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Happy 2022! We were on a brief hiatus here at FGI but are back in the saddle and looking to return to active blogger status in 2022. We’re always looking for others to help us track on government information and libraries, so contact me if you’d like to try your hand at posting (freegovinfo AT gmail DOT com).
It’s only fitting that our first post back should be to honor the great Steve Aftergood. Aftergood is the long-running author of the brilliant Secrecy News newsletter from the Federation of American Scientists, publisher of thousands(!) of Congressional Research Service (CRS) reports and all kinds of other critical formerly secret and/or hard-to-come-by government publications – many of which made their way into library collections and catalogs, rippling out to students and researchers for many years to come! Steve’s work has been so impactful on many disciplines and on many people (whether they know it or not, and that, IMHO is the mark of a great person!). His long and distinguished service to government policy and accountability should be lauded by all.
For those who don’t know him – and for those who do! – you’ll be better for reading his autobiographical essay “H-Diplo Essay 359- Steven Aftergood on Learning the Scholar’s Craft”.
Our sincere thanks and gratitude to Steve Aftergood!
Steve Aftergood, the scholar who authored the amazing Secrecy News newsletter for two decades, gathered and published tens of thousands of CRS reports over the decades, was responsible for publishing the Intelligence Community’s top line budget number, and successfully brought a scientific bent to questions of government policy — especially around government secrecy — has discontinued his program at the Federation of American Scientists, where he was first hired in 1989. Steve assures me he has not retired and merely is in transition. His essay on his experiences are worth reading, he still replies to emails, and we owe a debt of gratitude for Steve’s long service towards advancing government transparency and accountability and his collegiality towards all of us who have spent our careers learning from him.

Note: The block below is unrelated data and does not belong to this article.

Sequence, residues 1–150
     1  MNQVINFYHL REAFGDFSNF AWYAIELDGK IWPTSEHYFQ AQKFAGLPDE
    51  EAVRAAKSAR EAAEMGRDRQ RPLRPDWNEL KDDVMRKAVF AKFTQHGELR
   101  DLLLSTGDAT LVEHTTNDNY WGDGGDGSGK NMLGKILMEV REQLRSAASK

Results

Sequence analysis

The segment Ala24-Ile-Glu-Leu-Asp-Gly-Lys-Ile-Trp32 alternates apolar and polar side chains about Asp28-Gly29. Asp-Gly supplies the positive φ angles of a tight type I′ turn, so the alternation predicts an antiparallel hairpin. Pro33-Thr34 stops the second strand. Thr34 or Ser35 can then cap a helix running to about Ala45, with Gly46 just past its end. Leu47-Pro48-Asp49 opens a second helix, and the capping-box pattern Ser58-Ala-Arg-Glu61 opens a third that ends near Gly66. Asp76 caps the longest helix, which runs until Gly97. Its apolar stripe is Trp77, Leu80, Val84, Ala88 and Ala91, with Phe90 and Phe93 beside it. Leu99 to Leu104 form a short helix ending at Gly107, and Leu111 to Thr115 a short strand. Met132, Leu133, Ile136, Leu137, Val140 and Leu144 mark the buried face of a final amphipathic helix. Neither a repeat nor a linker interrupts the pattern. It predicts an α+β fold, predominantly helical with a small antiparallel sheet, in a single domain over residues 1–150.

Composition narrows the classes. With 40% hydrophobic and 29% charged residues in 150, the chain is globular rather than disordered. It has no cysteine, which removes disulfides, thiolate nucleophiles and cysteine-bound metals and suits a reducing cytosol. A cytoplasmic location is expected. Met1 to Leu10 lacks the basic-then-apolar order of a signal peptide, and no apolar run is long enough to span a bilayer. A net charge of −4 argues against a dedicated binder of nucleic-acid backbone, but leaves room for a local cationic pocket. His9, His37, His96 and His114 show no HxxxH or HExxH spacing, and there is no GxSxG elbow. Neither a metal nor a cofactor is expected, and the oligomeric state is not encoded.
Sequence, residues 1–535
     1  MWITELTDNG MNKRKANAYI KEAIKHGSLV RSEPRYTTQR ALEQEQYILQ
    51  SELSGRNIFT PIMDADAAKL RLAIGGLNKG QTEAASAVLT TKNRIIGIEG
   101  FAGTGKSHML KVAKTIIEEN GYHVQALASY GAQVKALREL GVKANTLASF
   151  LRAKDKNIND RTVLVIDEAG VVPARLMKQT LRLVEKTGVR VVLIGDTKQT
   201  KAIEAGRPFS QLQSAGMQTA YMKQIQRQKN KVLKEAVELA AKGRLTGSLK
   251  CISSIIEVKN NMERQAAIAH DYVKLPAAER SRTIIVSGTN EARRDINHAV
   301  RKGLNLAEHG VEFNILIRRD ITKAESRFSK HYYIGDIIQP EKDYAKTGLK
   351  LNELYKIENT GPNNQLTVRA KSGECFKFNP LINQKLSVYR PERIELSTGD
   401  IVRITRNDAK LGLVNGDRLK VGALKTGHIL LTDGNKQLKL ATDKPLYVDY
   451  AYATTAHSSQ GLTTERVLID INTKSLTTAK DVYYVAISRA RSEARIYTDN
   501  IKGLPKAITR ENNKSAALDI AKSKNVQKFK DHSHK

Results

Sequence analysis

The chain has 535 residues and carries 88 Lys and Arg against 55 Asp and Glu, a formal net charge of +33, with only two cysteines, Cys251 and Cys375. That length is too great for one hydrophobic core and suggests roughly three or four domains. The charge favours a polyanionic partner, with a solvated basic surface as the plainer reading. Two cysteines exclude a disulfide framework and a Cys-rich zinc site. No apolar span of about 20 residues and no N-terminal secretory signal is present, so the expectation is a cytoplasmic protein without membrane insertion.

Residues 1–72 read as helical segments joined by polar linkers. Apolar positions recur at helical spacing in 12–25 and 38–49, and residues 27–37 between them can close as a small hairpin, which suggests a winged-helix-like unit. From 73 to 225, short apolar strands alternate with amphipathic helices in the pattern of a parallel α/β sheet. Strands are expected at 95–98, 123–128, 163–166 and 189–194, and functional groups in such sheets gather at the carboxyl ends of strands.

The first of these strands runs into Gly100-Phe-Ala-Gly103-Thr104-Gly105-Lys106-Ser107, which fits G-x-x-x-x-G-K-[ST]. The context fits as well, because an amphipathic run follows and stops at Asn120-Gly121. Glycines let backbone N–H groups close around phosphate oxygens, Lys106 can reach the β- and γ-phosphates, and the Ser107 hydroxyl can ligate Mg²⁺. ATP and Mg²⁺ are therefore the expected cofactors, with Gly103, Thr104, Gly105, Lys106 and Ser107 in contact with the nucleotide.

[HT Daniel Schuman at First Branch Forecast who let us know about this breaking news!]
I’ve been very impressed with the research and thought that goes into the First Branch Forecast, the weekly newsletter focusing on transparency and governance issues being considered by Congress. There’s always something of interest in the newsletter, so I highly recommend that everyone subscribe.
One item of interest in a recent Forecast was about Congressional Budget Justifications (CBJs). In my work as a research librarian, Federal budget analysis, information and data are frequent requests as the Congressional appropriations process is about as clear as mud to most people – and I also *highly* recommend bookmarking the regularly updated CRS report “The Congressional Appropriations Process: An Introduction” to better understand the kabuki-like procedural elements that go into this process. So the FBF research into CBJs offers both insight into and problems with the budget process and access to the information and data that go into this annual rite. I’ll let them explain in detail, but please read the entire post and don’t forget to subscribe to the newsletter.
Congressional Budget Justifications (CBJs) are plain-language explanations of how an agency proposes to spend money it requests that Congress appropriate, but how easy is it for congressional staff and citizens to find these documents? Demand Progress surveyed 456 federal agencies and entities for fiscal years 2018 and 2019 and found:
7.5 percent of the 173 agencies with congressional liaisons, i.e., 13 agencies, published their CBJs online for only FY 2018 or FY 2019, but not both. (Agencies with congressional liaison offices routinely interact with Congress). If you exclude subordinate agencies whose reports traditionally are included in a superior agency’s reports, that figure becomes 3.3 percent, or 5 agencies, out of 152 agencies published a CBJ for FY 2018 or 2019. The failure of one agency to publish their report impacts a number of sub-agencies. Among the agencies/entities inconsistent in their reporting is the Executive Office of the President, which houses the Office of Management and Budget, the National Security Council, and the Office of the Vice President.